Opinion: Vermont Gas pipeline flawed on several fronts
There are numerous reasons to oppose the granting of a permit by the Public Service Board to Vermont Gas Systems Inc. in its attempt to build a gas pipeline to International Paper in Ticonderoga, N.Y. One of the reasons many of the residents of Cornwall have coalesced in opposition is to try to protect the sanctity of private property. This should be of concern to all Vermonters.
Ethan Allen and others got it right when they contributed to the creation of the Vermont Constitution. Chapter One, Article One, of our Constitution states “that all persons are born equally free and independent and have certain natural, inherent and unalienable rights amongst which are enjoying and defending life and liberty (and) acquiring, possessing and protecting property.” An overwhelming majority of the residents of Cornwall have asked our selectboard to protect our property from Vermont Gas. We have said no to the request by Vermont Gas to allow a pipeline through our town. We are trying to protect our property right as prescribed in our Constitution.
Mr. A. Donald Gilbert, who is chief executive officer and president of Vermont Gas Systems, said in March 2011 when interviewed by the Addison Independent that Vermont Gas would not try to force the project on any community. Mr. Gilbert said, “We won’t come if people don’t want us.” He should honor his words.
On April 14, 2006, Gov. Jim Douglas signed into law Senate Bill 246, which prohibits the use of eminent domain where “the taking is primarily for purpose of economic development.” The Addison Natural Gas Project (Vermont Gas Systems has cleverly changed the name to the Addison-Rutland Project with its intense barrage of public relations advertisements) has promoted economic development as one of its basic tenets. The Vermont Public Service board is not required to follow the principle stated in Senate Bill 246. Residents of Cornwall would ask the Public Service Board to honor this law and prevents Vermont Gas Systems from using eminent domain in acquiring properties in our town.
Chapter One, Article Six, of the Vermont Constitution states that all officers of government are accountable to the people. I feel betrayed and abandoned by Gov. Shumlin and those legislators who support this Vermont Gas Systems plan, which can force the citizens of the town of Cornwall to allow a pipeline through our rural properties to serve International Paper. These public servants are condoning the acquisition of property owned by Vermont residents against their wishes by the Canadian-owned Vermont Gas Systems to supply gas to a New York-based subsidiary of a multinational conglomerate.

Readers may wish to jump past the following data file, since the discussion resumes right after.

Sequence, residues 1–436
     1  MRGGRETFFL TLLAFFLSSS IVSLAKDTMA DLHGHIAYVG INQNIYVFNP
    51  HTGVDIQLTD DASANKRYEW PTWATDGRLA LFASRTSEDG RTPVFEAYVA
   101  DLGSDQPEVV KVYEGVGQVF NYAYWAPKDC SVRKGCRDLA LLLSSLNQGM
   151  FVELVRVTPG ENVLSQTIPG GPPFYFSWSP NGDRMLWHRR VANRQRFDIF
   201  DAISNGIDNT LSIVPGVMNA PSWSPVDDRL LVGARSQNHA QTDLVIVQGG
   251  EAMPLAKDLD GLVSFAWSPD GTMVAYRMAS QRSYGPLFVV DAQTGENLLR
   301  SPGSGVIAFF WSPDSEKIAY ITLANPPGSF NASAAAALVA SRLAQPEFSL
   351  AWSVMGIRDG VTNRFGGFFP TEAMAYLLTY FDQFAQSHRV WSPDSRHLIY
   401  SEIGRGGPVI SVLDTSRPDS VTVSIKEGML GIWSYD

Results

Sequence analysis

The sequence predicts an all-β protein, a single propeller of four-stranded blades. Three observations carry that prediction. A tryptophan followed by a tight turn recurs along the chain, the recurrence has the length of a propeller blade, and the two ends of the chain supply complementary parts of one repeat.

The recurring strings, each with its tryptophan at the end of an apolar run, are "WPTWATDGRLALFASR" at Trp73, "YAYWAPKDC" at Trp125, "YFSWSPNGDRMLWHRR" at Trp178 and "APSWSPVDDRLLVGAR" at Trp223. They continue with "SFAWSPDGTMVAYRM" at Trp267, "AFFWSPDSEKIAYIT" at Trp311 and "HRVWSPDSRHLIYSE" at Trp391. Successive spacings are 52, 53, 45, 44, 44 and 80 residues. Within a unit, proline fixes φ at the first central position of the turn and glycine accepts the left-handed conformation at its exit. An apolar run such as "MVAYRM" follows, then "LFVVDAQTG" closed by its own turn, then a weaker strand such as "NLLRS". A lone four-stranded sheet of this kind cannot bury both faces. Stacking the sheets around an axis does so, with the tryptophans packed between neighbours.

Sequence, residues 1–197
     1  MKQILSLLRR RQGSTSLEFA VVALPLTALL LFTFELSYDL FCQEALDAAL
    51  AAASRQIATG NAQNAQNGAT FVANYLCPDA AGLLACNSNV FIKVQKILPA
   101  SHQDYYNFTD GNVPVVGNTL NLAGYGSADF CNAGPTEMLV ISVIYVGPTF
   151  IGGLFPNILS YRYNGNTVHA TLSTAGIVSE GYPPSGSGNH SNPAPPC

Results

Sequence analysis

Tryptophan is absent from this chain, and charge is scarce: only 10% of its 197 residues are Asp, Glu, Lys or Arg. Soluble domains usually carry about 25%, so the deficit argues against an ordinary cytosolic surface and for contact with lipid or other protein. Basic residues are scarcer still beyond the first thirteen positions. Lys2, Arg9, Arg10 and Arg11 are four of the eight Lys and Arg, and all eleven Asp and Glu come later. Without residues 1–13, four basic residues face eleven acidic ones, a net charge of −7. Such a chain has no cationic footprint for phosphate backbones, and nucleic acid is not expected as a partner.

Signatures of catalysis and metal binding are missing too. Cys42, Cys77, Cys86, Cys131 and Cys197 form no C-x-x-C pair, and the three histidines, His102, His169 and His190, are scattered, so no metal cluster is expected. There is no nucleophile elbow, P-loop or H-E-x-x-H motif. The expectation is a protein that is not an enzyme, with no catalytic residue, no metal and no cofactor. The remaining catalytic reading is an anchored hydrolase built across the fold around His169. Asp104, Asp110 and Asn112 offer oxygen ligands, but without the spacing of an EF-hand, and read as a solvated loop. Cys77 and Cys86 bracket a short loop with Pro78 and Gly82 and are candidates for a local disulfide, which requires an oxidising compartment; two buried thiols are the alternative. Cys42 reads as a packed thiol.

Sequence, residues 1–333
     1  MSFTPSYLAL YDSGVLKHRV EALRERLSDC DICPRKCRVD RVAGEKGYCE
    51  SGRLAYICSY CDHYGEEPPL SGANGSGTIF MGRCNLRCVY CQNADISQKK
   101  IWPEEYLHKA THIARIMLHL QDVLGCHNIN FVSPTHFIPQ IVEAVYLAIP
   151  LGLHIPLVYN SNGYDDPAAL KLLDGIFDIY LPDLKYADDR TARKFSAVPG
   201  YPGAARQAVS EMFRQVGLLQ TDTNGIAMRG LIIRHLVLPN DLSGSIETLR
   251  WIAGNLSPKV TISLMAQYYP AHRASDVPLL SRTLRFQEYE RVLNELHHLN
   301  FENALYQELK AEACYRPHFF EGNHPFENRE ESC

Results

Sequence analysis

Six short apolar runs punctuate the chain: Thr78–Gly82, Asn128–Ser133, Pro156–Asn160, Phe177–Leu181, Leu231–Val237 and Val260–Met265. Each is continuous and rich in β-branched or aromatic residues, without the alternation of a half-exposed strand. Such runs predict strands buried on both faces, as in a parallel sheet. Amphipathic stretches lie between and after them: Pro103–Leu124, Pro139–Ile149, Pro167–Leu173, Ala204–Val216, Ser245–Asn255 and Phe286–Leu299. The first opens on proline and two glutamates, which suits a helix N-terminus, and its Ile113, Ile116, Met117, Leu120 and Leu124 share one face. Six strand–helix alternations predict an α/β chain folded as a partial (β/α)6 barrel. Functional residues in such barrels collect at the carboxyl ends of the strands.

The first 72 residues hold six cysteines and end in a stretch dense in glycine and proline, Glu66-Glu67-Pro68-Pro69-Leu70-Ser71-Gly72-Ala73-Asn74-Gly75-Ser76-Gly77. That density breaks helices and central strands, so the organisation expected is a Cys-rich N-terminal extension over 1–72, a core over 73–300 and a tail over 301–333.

By supporting such a plan our highest elected officials are in effect relegating Cornwall residents to be subservient to the financial interests of international corporations. In my opinion should this occur it would be neither just nor ethical. It is not too late for the governor to rescind his support for this projects and to support the property rights of his electorate in Cornwall.
The road to Rutland does not pass through Cornwall and under Lake Champlain. Most of us have been taught that if we desire something we are obligated to pay for it. It would seem equitable that if the residents and businesses of Rutland want service from Vermont Gas Systems that they should seek appropriate financing solutions the respect the private property rights of their fellow Vermonters in Cornwall. One established source is the Vermont System Expansion and Reliability Fund approved in 2011 by the Public Service Board at the request of Vermont Gas Systems. It allows Vermont Gas Systems to set aside millions of dollars a year until 2031 to pay for its expansion.
Editor’s note: The writer submitted this letter to the Public Service Board.
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